VAT’s it all about?


Confused by the increase in VAT? Our friendly accountant (and Journal columnist) Jamie Crampton gives us the low-down on it.

He writes: “ VAT was increased on the 4th January 2011 by 2.5% to 20%. For any VAT registered businesses this means that anything they sell (which is VAT-able) on or after this date must have VAT charged at 20%.

“The people most affected by the increase are general consumers, because the vast majority of them will not, unlike businesses, be able to reclaim VAT on anything that they buy. Similarly, smaller non-VAT registered businesses will have to absorb the extra costs. There are, however, some key things to remember:-

  • The increase refers only to the VAT element of the cost of the goods concerned.

As an example:- If an item cost £100 before the VAT increase, then the VAT within that total cost (at 17.5%) is £14.89, making the net cost £85.11. If we then add VAT at the revised rate of 20%, i.e £17.02, the total cost now is £102.13 – which is an overall increase on the total price of 2.13%, not 2.5%.

  • Certain items are exempt from VAT and therefore will not (or should not) increase in price simply because of the change in VAT rate. Examples of these include:-

a. Most food

b. Children’s clothing

c. Insurance

d. Transport fares (train/bus) and

e. Books.

Similarly some items are taxed at a lower VAT rate which has not increased from 5% – domestic fuel being the primary example.

“There is little doubt that some businesses will (and have) use the general public’s limited knowledge of VAT to justify price increases over and above the rises that should happen, at the moment supermarkets are making big noises about not increasing their food prices despite the VAT increase – as you will see above some of these items are exempt from VAT and, therefore, shouldn’t be increased anyway.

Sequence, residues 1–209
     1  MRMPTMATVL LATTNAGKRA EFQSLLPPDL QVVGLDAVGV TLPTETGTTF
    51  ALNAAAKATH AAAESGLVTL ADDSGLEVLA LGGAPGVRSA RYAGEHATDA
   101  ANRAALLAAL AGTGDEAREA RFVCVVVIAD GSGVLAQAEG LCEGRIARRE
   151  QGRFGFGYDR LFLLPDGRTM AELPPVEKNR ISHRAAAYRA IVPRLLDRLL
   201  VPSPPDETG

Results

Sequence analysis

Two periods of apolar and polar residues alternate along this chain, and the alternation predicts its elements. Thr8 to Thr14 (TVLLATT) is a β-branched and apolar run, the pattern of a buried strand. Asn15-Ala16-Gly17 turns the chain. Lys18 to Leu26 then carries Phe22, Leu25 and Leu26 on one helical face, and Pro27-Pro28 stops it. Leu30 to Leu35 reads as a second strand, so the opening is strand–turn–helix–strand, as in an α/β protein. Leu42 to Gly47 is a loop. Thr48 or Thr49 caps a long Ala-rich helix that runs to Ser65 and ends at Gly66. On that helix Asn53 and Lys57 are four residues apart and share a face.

“The biggest impact will undoubtedly be the rise in fuel costs – unfortunately motoring costs are, to most businesses, unavoidable. There are several websites that will direct you to the cheapest petrol station in your area, but in general with fuel, as with everything else you spend on, it will be a case of “shopping around” – one small benefit about a rise in taxation hopefully is that people place more emphasis on controlling what they spend, which should but doesn’t always happen anyway.

“If your business is registered for VAT then you may want to look into some of the schemes that are available – whilst they don’t change the amount of VAT that you charge there may be one that is beneficial for you and may save you money.  The HMRC website (www.hmrc.gov.uk) has details, or you can ask a reputable accountant.”

 

 

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